Shared watercourses, such as transboundary river basins, present a range of opportunities for cooperation to support regional economic development. The Southern African Development Community (SADC) is home to 15 shared river basins, including the Limpopo, the Zambezi and the Cubango-Okavango, with most of these being shared between at least two countries. Developing shared watercourses provides a way of furthering SADC’s objectives of increasing regional integration and development, and reducing poverty.
The purpose of SADC’s Regional Strategic Action Plan (RSAP) on Integrated Water Resources Development & Management (IWRDM) is to implement SADC’s regional policy and strategy for the water sector.
The objective of the RSAP IV (2016-2020) of the SADC Water Programme is:
“To unlock the potential for water (and related resources) to play its role as an engine and catalyst for socioeconomic development through water infrastructure development and management to support water supply and sanitation, energy, food security, and security from water-related disasters with the ultimate goal of contributing towards peace and stability, industrialisation, regional integration and poverty eradication.”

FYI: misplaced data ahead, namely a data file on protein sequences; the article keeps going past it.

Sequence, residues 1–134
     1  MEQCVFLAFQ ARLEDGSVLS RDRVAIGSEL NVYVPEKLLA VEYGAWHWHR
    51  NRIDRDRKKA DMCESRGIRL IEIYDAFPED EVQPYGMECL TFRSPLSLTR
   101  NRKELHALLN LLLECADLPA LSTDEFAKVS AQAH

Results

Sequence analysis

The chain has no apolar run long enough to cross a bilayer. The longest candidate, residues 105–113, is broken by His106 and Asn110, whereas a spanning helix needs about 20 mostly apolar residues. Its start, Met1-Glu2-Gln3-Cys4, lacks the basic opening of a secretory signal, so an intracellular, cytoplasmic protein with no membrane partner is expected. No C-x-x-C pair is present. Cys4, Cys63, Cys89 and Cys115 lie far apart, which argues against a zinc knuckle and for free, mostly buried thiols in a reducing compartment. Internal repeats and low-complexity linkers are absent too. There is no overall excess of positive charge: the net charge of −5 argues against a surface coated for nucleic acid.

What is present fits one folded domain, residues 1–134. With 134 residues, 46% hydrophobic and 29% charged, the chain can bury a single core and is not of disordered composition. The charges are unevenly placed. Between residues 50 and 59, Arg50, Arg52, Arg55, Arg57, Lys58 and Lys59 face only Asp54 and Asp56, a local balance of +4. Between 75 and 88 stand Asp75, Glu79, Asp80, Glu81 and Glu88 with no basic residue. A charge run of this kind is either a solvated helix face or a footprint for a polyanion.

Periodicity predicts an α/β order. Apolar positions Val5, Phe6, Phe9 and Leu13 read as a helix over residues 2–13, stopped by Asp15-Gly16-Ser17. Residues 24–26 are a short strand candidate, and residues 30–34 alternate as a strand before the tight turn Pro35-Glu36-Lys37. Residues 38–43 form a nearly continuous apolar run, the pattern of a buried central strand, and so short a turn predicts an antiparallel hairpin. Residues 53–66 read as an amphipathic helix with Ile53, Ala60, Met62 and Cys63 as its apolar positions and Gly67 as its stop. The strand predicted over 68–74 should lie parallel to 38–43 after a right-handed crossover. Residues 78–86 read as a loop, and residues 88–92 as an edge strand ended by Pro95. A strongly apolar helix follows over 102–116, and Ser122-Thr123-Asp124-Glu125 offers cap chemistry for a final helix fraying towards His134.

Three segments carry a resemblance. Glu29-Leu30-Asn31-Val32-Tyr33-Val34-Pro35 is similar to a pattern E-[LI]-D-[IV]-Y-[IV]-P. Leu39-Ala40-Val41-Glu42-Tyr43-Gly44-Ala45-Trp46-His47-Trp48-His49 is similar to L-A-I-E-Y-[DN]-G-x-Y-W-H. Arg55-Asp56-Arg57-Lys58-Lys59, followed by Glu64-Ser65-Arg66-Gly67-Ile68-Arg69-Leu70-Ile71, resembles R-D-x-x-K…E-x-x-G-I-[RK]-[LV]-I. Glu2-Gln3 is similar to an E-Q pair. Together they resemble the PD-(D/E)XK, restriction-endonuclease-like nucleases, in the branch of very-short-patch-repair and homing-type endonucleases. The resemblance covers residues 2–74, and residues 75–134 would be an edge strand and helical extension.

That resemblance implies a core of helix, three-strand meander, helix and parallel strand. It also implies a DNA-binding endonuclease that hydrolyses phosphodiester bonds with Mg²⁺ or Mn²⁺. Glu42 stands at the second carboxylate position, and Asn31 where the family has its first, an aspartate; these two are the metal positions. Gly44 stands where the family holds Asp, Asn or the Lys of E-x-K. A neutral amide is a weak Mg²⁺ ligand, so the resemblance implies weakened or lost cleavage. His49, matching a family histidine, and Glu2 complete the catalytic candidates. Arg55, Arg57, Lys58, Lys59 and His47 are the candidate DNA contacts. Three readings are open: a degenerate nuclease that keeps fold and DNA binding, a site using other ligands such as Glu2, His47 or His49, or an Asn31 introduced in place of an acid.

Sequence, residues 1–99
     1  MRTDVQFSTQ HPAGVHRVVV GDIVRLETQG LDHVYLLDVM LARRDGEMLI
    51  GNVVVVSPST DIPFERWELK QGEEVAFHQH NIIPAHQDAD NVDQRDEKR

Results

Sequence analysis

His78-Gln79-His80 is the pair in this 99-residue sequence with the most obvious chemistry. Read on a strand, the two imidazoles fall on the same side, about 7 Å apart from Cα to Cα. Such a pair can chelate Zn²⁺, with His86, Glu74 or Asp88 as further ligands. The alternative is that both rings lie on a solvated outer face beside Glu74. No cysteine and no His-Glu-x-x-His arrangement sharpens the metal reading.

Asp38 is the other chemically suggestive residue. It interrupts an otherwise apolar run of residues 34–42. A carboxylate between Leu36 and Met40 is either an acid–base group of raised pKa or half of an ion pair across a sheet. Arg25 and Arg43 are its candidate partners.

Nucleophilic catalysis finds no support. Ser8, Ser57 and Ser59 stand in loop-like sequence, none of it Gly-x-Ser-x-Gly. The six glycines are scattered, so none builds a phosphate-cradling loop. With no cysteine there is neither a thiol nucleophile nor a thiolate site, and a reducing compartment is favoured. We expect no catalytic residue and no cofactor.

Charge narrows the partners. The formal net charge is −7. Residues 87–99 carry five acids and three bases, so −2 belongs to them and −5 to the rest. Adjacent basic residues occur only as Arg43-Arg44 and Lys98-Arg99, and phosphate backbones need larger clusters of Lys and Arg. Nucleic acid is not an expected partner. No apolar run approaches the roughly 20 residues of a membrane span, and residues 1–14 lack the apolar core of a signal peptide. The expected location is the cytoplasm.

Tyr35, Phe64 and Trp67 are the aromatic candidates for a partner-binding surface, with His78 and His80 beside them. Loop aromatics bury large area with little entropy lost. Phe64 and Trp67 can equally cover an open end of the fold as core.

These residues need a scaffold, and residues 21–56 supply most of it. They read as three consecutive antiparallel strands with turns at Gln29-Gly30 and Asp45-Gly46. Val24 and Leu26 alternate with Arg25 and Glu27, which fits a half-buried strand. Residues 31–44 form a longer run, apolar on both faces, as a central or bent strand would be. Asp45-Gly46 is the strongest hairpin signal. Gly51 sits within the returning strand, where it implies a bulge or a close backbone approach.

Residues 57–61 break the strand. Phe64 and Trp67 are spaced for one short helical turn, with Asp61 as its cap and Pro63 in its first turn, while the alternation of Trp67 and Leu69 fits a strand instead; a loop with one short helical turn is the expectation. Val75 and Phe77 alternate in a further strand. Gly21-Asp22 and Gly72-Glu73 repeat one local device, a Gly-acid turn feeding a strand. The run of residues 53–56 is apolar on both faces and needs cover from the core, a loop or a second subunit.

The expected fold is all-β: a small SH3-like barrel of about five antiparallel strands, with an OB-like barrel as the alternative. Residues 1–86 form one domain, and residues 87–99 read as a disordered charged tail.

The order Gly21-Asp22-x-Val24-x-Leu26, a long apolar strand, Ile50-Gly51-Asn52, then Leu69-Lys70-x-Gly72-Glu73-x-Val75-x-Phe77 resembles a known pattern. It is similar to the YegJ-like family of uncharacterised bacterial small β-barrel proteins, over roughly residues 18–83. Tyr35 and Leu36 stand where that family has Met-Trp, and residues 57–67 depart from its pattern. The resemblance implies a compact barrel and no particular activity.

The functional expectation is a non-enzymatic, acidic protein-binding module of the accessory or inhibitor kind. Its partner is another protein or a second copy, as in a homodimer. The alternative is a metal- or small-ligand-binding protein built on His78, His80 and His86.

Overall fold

OneWorld carried out the Mid-Term Review (MTR) of RSAP IV, undertaking a systematic evaluation of the progress made towards achieving its operational objectives, as well as developed key recommendations to inform the next iteration: RSAP V (2020-2024).
The project team is applied a theory of change (ToC) approach, through stakeholder engagement, desktop document reviews and a strategic institutional and governance assessment. Key stakeholders include member states, River Basin Organisations (RBOs), various SADC institutions, International Cooperating Partners (ICPs) and implementing agencies.
Specific areas of assessment included: i) determining the implementation status of RSAP IV work programmes; ii) evaluating the progress made thus far; iii) analysing the environmental, financial and socio-economic sustainability of implemented activities; and iv) appraising various modes of project delivery.
OneWorld’s activities included: